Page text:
The 2019 Novel Coronavirus (COVID-19) pandemic has caused major changes to the American workforce. Many businesses have employees working from home and teachers are preparing to teach in an online format.
Workers in restaurants, bars, movie theaters, gyms and other social gathering places are facing financial uncertainty as their places of employment close down.
Retail is one of the few industries that has not yet been shuttered by the virus. Many stores, especially grocery chains, have seen masses of customers stockpiling food and other supplies.
While many businesses are now closing overnight to better sanitize the stores and restock shelves, they are still open every day.
I have been working at Walmart for nearly two years and I have never seen anything like this. My coworkers, many of whom have over a decade of experience, have never seen anything like this.
It’s the middle of March, but the store is busier than it was in the week leading up to Christmas. Most shocking to myself and others is the bareness of the shelves.
Everything from lunch meats and eggs to canned goods and pastas is decimated. It looks like people are preparing for the end of the world.
However, there is no “shortage” of food and supplies. Our store is still getting shipments every single day.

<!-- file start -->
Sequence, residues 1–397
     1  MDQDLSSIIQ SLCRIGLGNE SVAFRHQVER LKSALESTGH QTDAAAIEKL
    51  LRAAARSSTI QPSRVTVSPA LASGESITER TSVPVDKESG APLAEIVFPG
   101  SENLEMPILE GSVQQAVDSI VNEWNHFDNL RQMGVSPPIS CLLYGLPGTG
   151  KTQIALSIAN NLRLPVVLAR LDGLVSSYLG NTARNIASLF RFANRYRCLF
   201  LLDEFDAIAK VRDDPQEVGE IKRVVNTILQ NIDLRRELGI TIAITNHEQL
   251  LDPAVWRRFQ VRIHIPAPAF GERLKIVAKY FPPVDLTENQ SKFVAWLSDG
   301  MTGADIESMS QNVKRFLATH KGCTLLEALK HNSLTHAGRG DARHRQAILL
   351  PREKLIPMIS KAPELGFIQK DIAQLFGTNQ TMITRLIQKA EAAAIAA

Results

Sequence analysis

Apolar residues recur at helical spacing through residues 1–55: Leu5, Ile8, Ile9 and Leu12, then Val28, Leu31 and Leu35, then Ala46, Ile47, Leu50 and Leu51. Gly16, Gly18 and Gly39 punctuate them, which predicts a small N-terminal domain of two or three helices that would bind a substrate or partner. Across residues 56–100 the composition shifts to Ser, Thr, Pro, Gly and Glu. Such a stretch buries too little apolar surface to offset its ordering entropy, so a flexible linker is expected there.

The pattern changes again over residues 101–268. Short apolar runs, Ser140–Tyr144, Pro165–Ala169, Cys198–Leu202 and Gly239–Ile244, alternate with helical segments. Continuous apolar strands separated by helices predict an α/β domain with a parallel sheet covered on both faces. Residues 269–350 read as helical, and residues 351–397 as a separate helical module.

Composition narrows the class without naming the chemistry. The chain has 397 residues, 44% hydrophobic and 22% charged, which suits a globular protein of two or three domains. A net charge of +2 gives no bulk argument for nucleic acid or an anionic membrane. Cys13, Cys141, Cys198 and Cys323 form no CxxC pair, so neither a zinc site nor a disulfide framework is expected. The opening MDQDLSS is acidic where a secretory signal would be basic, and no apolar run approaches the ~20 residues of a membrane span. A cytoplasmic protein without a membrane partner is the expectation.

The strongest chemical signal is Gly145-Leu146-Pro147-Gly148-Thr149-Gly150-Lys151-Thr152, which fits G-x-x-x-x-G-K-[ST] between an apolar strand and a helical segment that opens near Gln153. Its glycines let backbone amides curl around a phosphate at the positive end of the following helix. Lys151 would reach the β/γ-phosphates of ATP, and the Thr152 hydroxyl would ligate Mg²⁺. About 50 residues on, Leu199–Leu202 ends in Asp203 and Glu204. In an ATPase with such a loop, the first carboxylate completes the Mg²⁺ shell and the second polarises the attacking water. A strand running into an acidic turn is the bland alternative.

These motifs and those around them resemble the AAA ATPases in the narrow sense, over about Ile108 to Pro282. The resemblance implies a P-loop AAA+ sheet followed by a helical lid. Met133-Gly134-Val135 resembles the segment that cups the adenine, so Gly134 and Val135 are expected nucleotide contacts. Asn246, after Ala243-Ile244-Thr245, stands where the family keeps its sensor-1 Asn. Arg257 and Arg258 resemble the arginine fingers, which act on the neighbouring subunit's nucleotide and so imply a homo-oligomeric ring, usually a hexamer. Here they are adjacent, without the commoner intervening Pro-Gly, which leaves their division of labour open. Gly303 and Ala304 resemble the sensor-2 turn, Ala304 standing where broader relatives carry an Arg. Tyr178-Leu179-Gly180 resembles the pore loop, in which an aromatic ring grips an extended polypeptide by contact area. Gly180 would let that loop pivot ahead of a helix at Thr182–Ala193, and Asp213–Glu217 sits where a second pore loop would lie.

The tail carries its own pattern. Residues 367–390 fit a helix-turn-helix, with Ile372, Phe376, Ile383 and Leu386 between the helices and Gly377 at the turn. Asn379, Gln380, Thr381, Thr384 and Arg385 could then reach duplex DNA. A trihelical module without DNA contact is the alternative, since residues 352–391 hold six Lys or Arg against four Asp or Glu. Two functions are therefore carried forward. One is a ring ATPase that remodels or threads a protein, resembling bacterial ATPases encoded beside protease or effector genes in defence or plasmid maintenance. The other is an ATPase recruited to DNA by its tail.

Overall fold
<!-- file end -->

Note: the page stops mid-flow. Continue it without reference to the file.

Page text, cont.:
The biggest problem is having enough people to move the products on to the shelves. By the time we stock a whole pallet’s worth of items, half of what we just stocked is already gone.
Our online grocery pickup department, where I normally work, is currently closed. There’s no product on the shelves for us to give to online pickup customers.
Walmart has made changes to their attendance policy to protect workers whose health may be seriously impacted by the virus. Still, some workers are struggling with childcare options now that schools are closed.
Others do not have enough paid time off hours saved up to allow them to miss more than a day or two of work before they are no longer paid.
Those of us who are still coming into work come into contact with hundreds of people every day. Retail and food service workers are among those whose professions put them at an “elevated risk” of becoming sick.
However, it isn’t all doom and gloom. People from various departments at my store have come together to get products on to the shelves as quickly as possible.
I’ve gotten to work with friends that I do not see very often and I have gotten to meet and work alongside people that I never before had a chance to know.
Many of our customers have been great too. I have had more than a few of them thank me for the work I was doing, both when I was cashiering and when I was stocking shelves.
There has been a lot of attention placed on “panic buying” and a lot of that attention has been highly critical. From what I have seen, though, these are not hysterical masses that are attacking employees.
People are simply afraid, and they are doing anything they can to ensure the health and happiness of their families.
I ask that wherever you go (or preferably: don’t go) during this time, be kind to one another. We are all just trying to find our way through this crisis.
Thank your cashier, wave hello to your neighbor from the mailbox, and check on your friends via text or social media. We will get through this, as a community and as individuals. It is just going to take a little patience.